My Artist Statement & Theories on Art

Life as an Artist

Recently a Facebook Friend of mine posted a thread asking everyone their thoughts on Selling as an Artist. She said that it seems that American artists seem to be most concerned with selling than with making a social impact or leaving a legacy, more so than artists in other countries.
Here was my reply after someone else criticized artists who sell.

'It is in my sole being to create. If not for my art I could not exist as who I am.
I was educated in my craft, I teach others my craft to help them realize their Art. I struggle as a full time professional artist to live as such, I got a degree so that I would have the skills to make my living off of my art. My work is my Art, My Art is my work, financial and so on. I teach, volunteer, and donate my time and work, I am involved so that I can be immersed. In the moments when Art does not sustain me physically and financially, I work other jobs to supplement. Sometimes I create for the benefit of others, sometimes its solely expressive. I make what I like, if someone else likes it too great! Sometimes my intent is to make it specifically for others. Many times I just have a great idea, many times I have a deep emotional concept I wish to portray. I enter exhibitions for prestige and to leave a lasting impression. Many pieces are hard to part with and I probably never will, I spend so much time on a piece that it is difficult to let go of that piece of me. Do I sell, yes, do I make a profit, well… School Loans, Materials, Tools, and Metal is expensive… so No. I struggle with having to live and having to be an artist, it doesn’t always pay the bills, so I teach to remain in the midst of creative energy. My friends are mostly Artists too and understand. To be an Artist is to be immersed in what you love or feel the need to do, and to say that one must only give away or keep their art and cannot profit enough to live comfortably with their art, isn’t realistic. In other countries throughout history craftsman and artists work most of their lives as apprentices to be educated and hone the skills to become good enough to make the money for what they do.'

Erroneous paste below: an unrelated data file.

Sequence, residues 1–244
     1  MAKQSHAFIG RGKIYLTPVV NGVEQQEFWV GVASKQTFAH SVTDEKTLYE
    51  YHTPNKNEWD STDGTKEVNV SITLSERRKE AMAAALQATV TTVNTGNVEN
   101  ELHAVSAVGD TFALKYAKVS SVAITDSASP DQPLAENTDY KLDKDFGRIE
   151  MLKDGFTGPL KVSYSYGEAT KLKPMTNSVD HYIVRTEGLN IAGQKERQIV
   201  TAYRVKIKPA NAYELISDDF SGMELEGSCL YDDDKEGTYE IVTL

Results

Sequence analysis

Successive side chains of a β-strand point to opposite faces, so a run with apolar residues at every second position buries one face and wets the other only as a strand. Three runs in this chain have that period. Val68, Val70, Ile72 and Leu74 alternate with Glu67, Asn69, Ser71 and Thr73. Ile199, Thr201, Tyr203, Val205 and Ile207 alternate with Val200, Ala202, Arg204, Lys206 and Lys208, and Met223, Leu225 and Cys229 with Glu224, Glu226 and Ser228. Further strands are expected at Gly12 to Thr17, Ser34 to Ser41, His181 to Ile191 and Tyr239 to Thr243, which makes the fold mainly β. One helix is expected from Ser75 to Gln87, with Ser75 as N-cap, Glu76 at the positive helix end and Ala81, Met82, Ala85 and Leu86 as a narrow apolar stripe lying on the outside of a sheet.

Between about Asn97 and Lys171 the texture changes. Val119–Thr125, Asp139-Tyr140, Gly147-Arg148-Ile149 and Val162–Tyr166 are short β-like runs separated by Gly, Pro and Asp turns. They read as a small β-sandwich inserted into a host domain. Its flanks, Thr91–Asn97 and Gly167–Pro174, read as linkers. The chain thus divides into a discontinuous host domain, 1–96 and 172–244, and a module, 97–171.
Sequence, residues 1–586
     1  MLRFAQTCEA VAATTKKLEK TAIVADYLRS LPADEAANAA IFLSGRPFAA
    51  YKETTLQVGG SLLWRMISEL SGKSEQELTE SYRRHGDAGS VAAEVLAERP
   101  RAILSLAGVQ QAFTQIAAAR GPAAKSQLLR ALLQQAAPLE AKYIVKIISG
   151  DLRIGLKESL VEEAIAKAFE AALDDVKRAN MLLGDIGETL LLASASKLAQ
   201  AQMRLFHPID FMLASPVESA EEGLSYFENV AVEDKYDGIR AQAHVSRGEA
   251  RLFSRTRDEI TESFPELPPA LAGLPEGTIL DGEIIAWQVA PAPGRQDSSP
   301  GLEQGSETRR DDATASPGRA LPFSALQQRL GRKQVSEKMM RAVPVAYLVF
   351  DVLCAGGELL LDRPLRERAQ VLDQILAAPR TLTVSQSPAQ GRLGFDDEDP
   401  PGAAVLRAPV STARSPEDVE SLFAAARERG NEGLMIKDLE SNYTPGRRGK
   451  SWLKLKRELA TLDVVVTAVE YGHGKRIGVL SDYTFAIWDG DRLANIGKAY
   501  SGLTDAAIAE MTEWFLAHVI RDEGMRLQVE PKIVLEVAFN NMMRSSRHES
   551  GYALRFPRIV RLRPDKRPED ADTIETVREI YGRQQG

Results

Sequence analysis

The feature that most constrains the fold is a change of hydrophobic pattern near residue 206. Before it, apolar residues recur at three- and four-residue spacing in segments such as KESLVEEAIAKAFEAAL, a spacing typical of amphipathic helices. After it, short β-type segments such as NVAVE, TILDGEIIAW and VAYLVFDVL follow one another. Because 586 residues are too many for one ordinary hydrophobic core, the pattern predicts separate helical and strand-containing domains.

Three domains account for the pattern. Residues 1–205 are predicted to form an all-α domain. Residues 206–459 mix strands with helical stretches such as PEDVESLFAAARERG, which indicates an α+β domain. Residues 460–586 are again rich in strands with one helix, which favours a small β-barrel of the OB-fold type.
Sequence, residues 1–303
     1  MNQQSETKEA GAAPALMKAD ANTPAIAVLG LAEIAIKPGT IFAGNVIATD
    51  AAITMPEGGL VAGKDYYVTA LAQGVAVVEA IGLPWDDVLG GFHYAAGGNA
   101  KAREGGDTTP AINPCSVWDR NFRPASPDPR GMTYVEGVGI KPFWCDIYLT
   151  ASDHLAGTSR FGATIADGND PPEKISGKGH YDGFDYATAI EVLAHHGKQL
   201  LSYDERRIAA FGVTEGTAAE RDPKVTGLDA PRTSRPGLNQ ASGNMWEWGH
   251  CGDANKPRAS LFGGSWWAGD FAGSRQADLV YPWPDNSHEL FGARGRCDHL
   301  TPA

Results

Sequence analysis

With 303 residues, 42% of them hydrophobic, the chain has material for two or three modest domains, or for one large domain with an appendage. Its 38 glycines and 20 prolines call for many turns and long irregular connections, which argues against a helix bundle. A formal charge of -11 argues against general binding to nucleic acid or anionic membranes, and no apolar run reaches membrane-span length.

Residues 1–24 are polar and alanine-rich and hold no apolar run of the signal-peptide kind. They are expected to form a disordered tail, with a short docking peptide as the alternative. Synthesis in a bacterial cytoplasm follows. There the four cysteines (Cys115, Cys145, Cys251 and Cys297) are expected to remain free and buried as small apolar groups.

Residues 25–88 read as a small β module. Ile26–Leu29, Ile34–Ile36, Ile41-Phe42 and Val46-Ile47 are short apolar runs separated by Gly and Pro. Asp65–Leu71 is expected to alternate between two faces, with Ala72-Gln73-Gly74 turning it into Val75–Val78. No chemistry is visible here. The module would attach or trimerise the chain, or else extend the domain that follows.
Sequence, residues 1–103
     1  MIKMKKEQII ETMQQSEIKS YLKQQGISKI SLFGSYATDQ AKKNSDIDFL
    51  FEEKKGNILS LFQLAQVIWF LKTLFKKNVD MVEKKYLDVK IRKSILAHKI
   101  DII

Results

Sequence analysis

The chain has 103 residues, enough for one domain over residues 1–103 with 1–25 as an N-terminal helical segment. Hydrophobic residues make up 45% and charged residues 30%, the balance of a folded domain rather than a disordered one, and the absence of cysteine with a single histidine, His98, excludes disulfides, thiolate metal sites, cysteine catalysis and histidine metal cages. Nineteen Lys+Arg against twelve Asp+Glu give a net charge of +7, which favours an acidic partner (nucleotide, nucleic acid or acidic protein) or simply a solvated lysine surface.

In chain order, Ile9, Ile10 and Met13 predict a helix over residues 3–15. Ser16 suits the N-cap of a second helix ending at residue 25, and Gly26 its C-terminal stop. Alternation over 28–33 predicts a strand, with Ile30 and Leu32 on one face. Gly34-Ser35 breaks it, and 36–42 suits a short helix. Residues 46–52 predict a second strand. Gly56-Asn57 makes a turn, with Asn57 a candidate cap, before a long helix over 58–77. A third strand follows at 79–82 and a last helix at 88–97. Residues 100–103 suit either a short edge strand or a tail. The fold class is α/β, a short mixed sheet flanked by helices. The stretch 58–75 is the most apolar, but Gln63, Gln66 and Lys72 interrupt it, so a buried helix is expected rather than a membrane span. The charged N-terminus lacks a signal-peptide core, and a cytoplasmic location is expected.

Holly Carter, Metals Artist & Instructor

Artist Statement

Thinking architecturally and structurally despite a passion for nature, my love for materials is struggling with my need to save the Environment. I am trying to find a link with nature and the man-made world, by examining the structure inherent in the world, and the need for structure in man. Most things in nature have an internal or external structure and there is beauty in the architecture of its form, functionality, and movement. Many of my pieces are abstract geometric forms with organic nuances, although some pieces are more naturalistic, and at some level there is that part of me that thrives for the innocence of youth and the fantasy in nature and organic forms.

The spine of which is an essential natural structure for vertebrates is represented in my back of the neck pieces. Structure is necessary in Man and Nature, whether for shelter or purely life giving. Trees have a trunk to support their many branches, snails have a shell to shelter them, and many organisms have a strong yet fragile internal skeleton that maintains their movement and existence. The structures we create are a link between Nature and Man. We need structure physically and mentally. As architects of our own lives we maintain our structure as we should natures, for Natures Will always wins over our Natural biological and Man-made structures in the end.

Exploring alternative connections in jewelry has lead to aberrations from the normal function of design. By the lack of connections in some of my pieces I hope to instill a false sense of security and structure, while the structure is there and sound, it represents the feeling of human insecurity, fail ability, and limited existence.

I aspire to integrate my art into furniture design, more literally bringing architecture into my art, a connection between modern architectural form and nature. My goal is to find a pleasing, mildly organic aesthetic that provides for alternative structural design using geometric and organic shapes that are symbolic of nature, softening the struggle between Human Nature, Mother Nature, and sustainable design.